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India Budget 2021-2022 and potential tax developments

INSIGHT ARTICLE  | 

Following the India government’s release of their budget proposals for fiscal year 2021-2022, RSM India published an overview of important corporate and international tax developments that are of relevance and consideration for companies conducting business in India. The 2021 Union Budget proposal covers a wide range of topics of interest to businesses. Salient points are provided below:

Provisions

Impact for multinationals

Further clarity provided in regards to the scope and applicability of the equalization levy (EL) that is applicable to cross-border digital transaction

Addresses confusion around initial rollout for non-Indian taxpayers

Rationalization of provisions and scope of "slump sale" to include all types of transfers including exchanges.

Clarity in the arena of merger and acquisition transactions. It expands the scope of the definition of a slump sale to include all types of transfers by any means and thus being subject to capital gains tax as opposed to ordinary income taxed at a higher tax rate.

Restrict eligibility to claim tax depreciation on goodwill.

An important consideration from a tax planning perspective when trying to mitigate tax in India

Reforms regarding availability of tax treaty benefits for dividend withholding on payments made to foreign institutional investors pursuant to the provisions of the double taxation avoidance agreement.

Reduces the burden of withholding tax when repatriating returns on investment.

Grant withholding tax exemptions (i.e. no tax is deducted at the source in case of dividend income) for real estate investment trusts and infrastructure investment trusts.

Makes it easier for foreign investors who invest in infrastructure, allowing them to repatriate earnings in tax efficient manner

Reduction of time limit for completing tax audit proceedings, which involves transfer pricing.

Allows taxpayers to gain a level of certainty as to the timing of the proceeding and its conclusion, which can assist the taxpayer in determining its impact for financial statement and tax purposes with lesser subjectivity involved.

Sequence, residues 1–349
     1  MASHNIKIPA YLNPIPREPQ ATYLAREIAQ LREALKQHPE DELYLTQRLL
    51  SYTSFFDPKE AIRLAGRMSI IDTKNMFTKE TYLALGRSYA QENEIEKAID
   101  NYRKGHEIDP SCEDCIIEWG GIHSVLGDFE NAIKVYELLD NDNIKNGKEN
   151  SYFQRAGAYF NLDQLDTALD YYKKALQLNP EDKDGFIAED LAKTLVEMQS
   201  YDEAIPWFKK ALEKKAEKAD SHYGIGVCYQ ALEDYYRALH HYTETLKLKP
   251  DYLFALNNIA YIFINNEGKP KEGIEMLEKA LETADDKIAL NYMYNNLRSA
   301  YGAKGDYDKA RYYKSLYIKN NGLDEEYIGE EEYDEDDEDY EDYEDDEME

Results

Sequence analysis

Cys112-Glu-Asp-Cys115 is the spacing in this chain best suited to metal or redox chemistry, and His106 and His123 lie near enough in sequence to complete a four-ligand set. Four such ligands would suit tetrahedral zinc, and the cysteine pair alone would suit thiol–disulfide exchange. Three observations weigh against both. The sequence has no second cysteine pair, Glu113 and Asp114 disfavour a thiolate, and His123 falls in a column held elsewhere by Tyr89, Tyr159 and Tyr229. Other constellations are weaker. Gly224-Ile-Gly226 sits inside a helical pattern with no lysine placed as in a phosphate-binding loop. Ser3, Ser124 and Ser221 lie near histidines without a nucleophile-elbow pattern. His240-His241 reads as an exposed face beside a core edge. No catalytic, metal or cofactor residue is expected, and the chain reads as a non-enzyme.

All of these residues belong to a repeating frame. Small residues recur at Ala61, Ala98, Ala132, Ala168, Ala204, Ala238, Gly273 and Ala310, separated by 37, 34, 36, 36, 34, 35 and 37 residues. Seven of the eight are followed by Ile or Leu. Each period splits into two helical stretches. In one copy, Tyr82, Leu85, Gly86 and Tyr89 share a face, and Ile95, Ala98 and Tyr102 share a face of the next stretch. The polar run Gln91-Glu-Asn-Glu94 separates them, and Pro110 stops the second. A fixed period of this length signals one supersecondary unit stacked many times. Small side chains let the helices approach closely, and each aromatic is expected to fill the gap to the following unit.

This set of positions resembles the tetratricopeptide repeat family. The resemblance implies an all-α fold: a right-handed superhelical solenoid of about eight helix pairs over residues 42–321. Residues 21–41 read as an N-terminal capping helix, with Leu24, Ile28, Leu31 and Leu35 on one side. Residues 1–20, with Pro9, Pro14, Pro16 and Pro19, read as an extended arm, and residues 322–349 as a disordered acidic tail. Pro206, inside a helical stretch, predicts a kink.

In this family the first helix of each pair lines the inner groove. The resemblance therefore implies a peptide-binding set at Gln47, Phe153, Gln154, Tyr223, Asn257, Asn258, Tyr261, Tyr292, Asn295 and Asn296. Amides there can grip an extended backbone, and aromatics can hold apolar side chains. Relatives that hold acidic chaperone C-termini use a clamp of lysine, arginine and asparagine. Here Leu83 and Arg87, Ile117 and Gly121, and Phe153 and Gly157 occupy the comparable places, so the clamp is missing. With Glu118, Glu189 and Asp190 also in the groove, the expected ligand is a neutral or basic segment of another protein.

No deduction would be allowed to an employer for its employees’ contributions to any provident, superannuation fund or any other relevant fund if the employer does not credit the amounts contributed to such funds before the appropriate due date.

Provides needed clarity and guidance in an area that was previously fraught with uncertainly for an employee related tax deduction that can be significant.

The tax rates (including alternate minimum tax rates) for Indian companies is proposed to remain unchanged.

No change is proposed on tax rates. However, domestic companies continue to have an option to pay tax at a concessional (lower) rate subject to certain specified conditions. The alternative minimum tax provisions shall not be applicable to such companies. Additionally, companies commencing manufacturing/generation of electricity before March 31, 2023, will have an option to pay tax at a lower tax rate of 15%.

Multiple provisions proposed to promote start-ups and innovators by extending the eligibility period to claim tax holiday for start-ups and the eligibility period for claiming capital gains exemption for investment made in the start-ups from March 31, 2021, to March 31, 2022.

The government is trying to boost the level of economic activity by providing incentives to start-ups and its investors including foreign direct investors. Incentives include a tax holiday for new start-up, deduction of new capital expenditure and scientific research, encouraging new investors and the expansion of business by existing investors.

Globally active companies who are considering or are currently doing business in or through India should evaluate the impact proposed in the Union Budget 2021 and should consider their response carefully. If you have specific questions about how any of these rules may affect your business, please contact us today. We are here to help.

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